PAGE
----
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Sikorsky Ilya Muromets CG

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Sikorsky Ilya Muromets CG

Old 02-15-2016, 01:11 PM
  #126  
Sal C.
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Hi All

I have the wings mounted and just about all the wires installed. There are around 200 turnbuckles. I think I have just four more wires to install
between the upper center section and the fuselage. I still have the large fuel tanks to mount, bomb rack to build, internal flooring to install, windows and window frames to install, plus some touch up painting and the sliding side door and engineer doors (triangle shape) doors for access onto the lower wing.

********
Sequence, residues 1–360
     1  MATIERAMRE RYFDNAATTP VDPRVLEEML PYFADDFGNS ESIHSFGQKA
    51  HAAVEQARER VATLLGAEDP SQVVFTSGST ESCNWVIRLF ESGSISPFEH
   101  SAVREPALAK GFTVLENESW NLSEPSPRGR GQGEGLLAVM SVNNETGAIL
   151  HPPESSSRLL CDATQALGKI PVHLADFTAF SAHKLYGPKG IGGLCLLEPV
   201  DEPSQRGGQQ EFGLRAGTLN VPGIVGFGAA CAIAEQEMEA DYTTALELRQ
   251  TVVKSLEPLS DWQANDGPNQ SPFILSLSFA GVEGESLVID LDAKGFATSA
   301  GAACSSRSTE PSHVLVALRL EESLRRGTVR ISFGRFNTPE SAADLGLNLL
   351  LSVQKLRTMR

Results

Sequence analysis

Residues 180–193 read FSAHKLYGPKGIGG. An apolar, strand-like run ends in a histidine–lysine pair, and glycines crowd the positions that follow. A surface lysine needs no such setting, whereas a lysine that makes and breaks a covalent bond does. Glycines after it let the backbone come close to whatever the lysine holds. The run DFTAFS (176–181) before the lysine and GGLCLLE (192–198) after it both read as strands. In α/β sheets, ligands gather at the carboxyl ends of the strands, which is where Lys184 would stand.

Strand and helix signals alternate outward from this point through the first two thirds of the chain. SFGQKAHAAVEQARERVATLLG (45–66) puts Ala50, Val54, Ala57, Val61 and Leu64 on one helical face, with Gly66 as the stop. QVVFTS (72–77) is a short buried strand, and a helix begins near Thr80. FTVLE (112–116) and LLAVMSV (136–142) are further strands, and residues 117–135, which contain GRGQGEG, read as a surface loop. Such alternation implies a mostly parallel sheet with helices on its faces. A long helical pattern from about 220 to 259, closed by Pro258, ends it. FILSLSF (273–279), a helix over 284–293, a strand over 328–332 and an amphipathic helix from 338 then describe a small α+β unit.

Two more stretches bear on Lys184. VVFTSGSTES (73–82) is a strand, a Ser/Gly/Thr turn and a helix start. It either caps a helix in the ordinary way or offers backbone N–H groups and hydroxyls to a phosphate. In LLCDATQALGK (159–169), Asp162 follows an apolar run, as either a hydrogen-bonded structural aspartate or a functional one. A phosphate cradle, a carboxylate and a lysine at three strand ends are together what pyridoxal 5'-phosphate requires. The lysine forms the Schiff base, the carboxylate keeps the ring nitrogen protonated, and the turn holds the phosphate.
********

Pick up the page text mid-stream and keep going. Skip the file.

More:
I dont want to see another turnbuckle for a long, long time. From now on its profile electric foamies for me!!!!

Here's a few more photos.
Cheers, Sal
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Old 02-16-2016, 08:30 AM
  #127  
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Absolutely fantastic!
Old 02-26-2016, 06:56 AM
  #128  
Sal C.
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Hello All

Well, here she is at the WRAM show in the Meadowlands, New Jersey on 25 Feb, 2016. 16 months of work to honor one of the great minds in aviation of the 20th century, Igor ivanovichSikorsky.

Thanks for all the interest.

CHeers, Sal
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Old 02-26-2016, 11:12 AM
  #129  
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Hi Sal,

she looks absolutely fantastic! That's an outstanding achievement and I hope the model will get the attention it deserves.

For me, it's breathtaking to see and I only feel the burning question: Where is the C/G?